ISPs Face the Cost of Implementing a Graduated Response System to Deal with Copyright Infringers

PUBLISHED: 28th July 2015

Photo to illustrate article

UPC Communications ordered to pay 80% of the capital cost to set up a three strikes system.

UPC Communications, an internet service provider (ISP), has been ordered by the Irish Commercial Court to implement a graduated response system (GRS) to deal with its subscribers, or customers, who have been found to be infringing the copyright of Sony, Universal or Warner (the Plaintiffs) through its service.

The Court accepted that it will cost UPC between €800,000 and €940,000 to set up the GRS and that there will be additional operation costs of between €125,000 and €150,000.

It seems that this is the world's first court-ordered GRS.  It's possible that similar cases might now be taken against ISPs throughout the EU as the Order was made under the Copyright and Related Rights Act 2000, the Irish legislation that gives effect to the EU Copyright Directive 2001/29/EC.

Details of the graduated response system ordered by the Court

  • Business users are excluded.
  • UPC will be required to set up a system within twelve to fifteen months to implement the GRS. UPC is to pay 80% of the capital costs estimated at between €800,000 and €940,000. Sony, Universal and Warner are to pay the remaining 20%.
  • Up to 2,500 infringement notifications per month, containing identified copyright infringing IP addresses, may be sent by the Plaintiffs to UPC.These IP addresses are typically gathered by an agent, e.g. Mark Monitor (previously trading as DtecNet).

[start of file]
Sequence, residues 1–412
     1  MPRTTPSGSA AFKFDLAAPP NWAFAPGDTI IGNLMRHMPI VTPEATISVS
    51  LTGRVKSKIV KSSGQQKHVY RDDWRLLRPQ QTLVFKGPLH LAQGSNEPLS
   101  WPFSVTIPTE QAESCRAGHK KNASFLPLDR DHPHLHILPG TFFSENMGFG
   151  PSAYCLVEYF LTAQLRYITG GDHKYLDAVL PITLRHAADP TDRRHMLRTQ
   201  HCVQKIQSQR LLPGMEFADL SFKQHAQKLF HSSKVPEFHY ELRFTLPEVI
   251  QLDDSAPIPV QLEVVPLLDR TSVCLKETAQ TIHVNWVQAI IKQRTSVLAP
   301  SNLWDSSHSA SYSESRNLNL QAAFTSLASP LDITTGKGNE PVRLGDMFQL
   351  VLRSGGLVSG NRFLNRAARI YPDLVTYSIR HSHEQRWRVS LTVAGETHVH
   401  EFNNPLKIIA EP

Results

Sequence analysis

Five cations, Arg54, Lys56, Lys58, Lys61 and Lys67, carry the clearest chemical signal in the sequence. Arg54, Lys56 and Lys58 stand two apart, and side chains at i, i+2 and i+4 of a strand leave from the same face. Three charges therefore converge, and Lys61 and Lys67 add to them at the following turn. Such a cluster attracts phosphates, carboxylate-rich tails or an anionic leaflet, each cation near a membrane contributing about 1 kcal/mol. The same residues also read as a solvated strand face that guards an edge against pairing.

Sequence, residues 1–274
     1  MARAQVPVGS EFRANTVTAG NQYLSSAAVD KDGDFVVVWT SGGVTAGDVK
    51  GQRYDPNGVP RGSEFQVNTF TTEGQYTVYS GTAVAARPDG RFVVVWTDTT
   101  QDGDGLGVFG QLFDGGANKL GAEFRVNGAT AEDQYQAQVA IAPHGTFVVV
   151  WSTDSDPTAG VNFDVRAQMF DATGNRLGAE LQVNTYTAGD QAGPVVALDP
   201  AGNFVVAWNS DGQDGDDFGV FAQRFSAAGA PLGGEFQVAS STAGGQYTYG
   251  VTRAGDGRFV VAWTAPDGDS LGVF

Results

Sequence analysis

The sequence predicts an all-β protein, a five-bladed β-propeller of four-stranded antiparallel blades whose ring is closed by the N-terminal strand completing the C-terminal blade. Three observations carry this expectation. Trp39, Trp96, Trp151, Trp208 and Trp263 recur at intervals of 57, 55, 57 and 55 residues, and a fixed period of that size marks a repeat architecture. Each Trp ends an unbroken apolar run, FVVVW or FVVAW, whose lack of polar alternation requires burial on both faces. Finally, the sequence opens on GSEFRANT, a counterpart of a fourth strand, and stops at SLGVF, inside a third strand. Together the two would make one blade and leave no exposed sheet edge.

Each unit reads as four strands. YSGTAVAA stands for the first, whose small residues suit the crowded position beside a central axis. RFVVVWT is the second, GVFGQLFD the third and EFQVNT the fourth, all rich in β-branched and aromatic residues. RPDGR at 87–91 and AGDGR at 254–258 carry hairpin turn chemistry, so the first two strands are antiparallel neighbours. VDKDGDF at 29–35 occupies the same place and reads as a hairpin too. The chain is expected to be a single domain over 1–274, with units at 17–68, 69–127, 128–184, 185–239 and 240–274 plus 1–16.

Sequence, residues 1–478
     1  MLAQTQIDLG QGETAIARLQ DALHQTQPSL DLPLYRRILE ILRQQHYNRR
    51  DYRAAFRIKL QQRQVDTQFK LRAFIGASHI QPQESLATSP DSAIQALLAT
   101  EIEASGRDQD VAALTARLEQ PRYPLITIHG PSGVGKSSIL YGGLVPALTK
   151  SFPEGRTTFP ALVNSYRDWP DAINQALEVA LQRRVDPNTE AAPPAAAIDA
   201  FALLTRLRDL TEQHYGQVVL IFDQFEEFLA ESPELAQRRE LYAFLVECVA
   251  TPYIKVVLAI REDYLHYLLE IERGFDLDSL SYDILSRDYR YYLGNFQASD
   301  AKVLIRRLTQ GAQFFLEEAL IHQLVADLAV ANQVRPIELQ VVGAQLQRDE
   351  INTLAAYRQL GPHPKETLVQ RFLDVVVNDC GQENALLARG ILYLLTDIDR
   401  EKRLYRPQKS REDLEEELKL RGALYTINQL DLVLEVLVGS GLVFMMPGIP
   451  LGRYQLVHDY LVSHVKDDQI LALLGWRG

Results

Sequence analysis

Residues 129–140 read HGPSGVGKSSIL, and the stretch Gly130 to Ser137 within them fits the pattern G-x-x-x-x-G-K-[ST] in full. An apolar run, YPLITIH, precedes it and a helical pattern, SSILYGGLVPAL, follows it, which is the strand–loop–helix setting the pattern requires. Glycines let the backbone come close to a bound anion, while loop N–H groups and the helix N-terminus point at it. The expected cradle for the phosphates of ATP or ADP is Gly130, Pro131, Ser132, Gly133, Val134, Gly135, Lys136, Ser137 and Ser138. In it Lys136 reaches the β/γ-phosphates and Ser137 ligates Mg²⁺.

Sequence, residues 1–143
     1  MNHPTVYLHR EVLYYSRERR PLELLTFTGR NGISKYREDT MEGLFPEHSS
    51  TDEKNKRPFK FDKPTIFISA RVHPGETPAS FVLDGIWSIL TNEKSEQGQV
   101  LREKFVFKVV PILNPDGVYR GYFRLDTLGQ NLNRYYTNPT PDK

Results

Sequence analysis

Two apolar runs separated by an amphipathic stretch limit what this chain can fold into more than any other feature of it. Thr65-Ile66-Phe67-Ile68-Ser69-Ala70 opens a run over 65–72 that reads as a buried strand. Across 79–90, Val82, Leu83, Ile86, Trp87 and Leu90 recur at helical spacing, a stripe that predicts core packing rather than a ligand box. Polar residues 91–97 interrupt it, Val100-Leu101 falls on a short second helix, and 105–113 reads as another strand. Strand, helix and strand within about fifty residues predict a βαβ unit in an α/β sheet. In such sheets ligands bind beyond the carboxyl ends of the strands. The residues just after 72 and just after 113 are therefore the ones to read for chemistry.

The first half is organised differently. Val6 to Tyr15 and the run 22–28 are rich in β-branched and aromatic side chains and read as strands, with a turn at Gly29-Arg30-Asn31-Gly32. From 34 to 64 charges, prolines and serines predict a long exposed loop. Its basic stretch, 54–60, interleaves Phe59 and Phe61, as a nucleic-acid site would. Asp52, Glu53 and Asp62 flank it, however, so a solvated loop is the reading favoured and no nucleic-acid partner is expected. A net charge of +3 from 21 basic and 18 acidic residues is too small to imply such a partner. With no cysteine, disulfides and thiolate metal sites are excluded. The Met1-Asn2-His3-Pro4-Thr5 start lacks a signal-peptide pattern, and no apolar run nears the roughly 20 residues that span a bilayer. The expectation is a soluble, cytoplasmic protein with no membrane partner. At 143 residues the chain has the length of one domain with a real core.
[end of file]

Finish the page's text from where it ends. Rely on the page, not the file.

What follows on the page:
• UPC will then internally identify the relevant subscriber and, on the first two occasions when a subscriber is identified, issue a cease and desist letter to the subscriber.
  • When a subscriber has been identified a third time, UPC will inform the Plaintiffs of the relevant IP addresses, dates and time stamps for those three identified infringements.The Plaintiffs may then make an application to the Court seeking an order against UPC to release the identity of the subscriber through a streamlined process, avoiding a full court application, known as a Norwich Pharmacal Order.
  • Using this information, the Plaintiffs may also seek an order for the termination of the subscriber's internet broadband service and/or such relief as they may wish to seek against the subscriber directly.

Sony Music Entertainment [Ireland] Ltd & Ors v UPC Communications Ireland Limited No. 1 [2015] IEHC 317, No. 2 [2015] IEHC 386 and No. 3 [2015] IEHC 388.

For further information, please contact James Byrne at

This article was published in Bloomberg BNA World Communications Regulation Report. Byrne, Markey, ‘ISPs Face Cost of Implementing System to Deal With Copyright Infringers’, Bloomberg BNA World Communications Regulation Report, Vol. 10, No. 8, August 2015, 35-36.

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